Managerial Report: Finding the Best Car Value
I. Cost/Mile vs. Car Size
Let us begin this report by examining how closely related Cost/Mile is to the Size of the car being tested. To do this, a multiple regression analysis was run using Cost/Mile as the dependent variable, and the ‘dummy’ variables Family-Sedan and Upscale-Sedan as independent variables.
In examining the results, the first thing we notice is the “R Square” value is 0.7471. This represents the multiple coefficient of determination (r2), which is basically a measure of goodness of fit of the equation estimated by the analysis. This means that the size of the car roughly accounts for 74.6% of the variance in the cost-per-mile of owning it—which is a rather large …show more content…
Small Sedans = 1.252 – 2.0527(0.52) + 0.0113(70) + 0.1662(3) = 2.5416 – 1.0674 = 1.47
Family Sedans = 1.252 – 2.0527(0.69) + 0.0113(70) + 0.1662(3) = 2.5416 – 1.4164 = 1.13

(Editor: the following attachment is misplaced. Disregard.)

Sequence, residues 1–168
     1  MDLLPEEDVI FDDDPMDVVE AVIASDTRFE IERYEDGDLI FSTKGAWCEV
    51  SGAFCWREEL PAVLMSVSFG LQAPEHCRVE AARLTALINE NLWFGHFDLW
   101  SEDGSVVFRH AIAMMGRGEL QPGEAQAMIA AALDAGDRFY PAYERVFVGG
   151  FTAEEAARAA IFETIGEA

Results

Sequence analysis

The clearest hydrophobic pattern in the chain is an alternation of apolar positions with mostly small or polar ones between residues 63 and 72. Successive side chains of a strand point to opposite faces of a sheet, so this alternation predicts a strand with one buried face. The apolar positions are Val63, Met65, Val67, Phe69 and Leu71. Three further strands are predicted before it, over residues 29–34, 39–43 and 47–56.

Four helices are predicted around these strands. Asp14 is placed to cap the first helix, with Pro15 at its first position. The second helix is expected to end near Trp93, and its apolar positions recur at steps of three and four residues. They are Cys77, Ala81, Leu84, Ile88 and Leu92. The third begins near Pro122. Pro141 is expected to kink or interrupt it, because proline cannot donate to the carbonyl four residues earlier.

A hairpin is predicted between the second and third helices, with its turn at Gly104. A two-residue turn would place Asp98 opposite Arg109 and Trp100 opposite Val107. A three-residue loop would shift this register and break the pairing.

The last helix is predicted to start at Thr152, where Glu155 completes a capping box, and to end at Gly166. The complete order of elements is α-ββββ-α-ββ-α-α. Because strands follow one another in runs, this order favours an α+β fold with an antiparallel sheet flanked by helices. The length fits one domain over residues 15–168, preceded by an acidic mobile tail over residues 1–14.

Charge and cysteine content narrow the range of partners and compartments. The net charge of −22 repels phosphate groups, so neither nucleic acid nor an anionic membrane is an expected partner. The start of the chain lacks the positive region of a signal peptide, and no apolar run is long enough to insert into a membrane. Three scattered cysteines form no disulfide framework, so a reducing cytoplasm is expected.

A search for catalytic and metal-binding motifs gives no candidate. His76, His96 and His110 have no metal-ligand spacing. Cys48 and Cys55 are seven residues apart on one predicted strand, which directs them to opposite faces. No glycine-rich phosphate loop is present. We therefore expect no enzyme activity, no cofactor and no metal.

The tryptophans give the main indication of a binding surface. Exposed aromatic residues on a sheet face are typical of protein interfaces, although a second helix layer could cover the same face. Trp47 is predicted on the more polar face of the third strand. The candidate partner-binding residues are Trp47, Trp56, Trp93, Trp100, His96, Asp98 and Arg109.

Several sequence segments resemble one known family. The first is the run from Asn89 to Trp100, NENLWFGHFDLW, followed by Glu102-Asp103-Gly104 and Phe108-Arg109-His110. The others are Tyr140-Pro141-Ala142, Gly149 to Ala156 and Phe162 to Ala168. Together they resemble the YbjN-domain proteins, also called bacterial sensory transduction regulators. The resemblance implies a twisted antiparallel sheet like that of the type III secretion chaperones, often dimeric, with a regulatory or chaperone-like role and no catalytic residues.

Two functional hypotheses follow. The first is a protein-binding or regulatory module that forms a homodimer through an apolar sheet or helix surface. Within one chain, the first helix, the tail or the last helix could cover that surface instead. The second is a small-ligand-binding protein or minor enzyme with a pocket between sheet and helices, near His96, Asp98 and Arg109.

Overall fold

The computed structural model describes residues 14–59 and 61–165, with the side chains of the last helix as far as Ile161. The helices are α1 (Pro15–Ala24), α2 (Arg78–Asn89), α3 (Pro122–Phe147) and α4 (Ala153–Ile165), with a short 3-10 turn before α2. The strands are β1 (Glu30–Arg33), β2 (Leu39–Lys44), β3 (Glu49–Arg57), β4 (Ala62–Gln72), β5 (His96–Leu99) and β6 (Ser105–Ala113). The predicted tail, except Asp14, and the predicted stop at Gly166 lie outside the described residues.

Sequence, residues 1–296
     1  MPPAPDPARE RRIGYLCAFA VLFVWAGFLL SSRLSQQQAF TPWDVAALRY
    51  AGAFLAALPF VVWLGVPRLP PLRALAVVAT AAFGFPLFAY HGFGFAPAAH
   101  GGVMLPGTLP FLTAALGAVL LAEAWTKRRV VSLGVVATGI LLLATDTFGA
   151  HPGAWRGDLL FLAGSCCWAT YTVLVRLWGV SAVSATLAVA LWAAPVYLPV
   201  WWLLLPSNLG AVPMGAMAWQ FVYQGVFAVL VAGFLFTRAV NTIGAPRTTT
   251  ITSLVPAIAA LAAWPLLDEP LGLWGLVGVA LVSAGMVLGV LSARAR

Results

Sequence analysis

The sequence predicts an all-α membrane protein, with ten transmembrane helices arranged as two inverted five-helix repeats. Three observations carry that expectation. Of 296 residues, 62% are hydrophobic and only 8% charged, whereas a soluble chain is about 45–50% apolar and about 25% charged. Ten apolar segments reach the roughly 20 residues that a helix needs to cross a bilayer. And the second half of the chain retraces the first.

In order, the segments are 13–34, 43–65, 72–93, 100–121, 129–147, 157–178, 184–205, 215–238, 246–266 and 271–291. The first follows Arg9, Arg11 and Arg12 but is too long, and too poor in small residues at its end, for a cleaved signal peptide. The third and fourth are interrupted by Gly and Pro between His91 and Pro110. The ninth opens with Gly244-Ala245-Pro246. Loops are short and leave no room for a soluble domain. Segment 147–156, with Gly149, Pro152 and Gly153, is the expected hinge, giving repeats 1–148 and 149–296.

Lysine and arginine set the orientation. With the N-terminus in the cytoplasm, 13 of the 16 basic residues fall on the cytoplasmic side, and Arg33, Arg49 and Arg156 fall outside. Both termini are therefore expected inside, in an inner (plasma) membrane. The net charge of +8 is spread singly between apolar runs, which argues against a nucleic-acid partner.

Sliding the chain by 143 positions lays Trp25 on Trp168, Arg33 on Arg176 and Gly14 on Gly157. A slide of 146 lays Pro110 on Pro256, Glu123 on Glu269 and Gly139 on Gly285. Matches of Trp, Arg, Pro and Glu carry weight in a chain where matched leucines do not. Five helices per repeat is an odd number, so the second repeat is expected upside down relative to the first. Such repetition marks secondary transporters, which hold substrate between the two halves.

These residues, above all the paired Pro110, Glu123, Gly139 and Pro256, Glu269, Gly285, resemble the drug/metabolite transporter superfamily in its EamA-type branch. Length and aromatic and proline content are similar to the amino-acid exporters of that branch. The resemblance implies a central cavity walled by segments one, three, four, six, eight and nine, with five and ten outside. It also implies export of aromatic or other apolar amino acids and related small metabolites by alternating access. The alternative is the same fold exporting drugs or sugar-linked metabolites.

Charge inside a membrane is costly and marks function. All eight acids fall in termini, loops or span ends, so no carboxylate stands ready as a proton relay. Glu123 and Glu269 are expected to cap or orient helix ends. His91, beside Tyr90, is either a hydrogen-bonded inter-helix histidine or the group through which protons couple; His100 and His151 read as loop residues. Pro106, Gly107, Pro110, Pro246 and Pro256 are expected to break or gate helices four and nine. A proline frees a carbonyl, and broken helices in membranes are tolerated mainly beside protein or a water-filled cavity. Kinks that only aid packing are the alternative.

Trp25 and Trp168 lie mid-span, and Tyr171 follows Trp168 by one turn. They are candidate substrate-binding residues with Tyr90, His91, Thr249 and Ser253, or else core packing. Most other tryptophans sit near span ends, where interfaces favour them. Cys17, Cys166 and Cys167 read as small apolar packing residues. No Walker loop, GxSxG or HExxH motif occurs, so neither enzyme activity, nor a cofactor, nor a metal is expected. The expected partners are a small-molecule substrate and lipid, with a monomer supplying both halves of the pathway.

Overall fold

Luxury Sedans = 1.252 – 2.0527(0.75) + 0.0113(70) + 0.1662(3) = 2.5416 – 1.5395 = 1.00
These estimated value scores, along with the already-discussed inference that (given this data) smaller cars cost less to drive per-mile, indicate that yes, smaller cars provide more value than larger cars—as their estimated value score (with all other variables constant) increases as the car size gets smaller.
V. Value Score vs. Road-Test Score
For the fifth part of this report, we will produce an estimated regression equation that could be used to predict the value score given the value of the Road-Test Score. To do this, first a multiple regression analysis with Value Score as the dependent variable, and Road-Test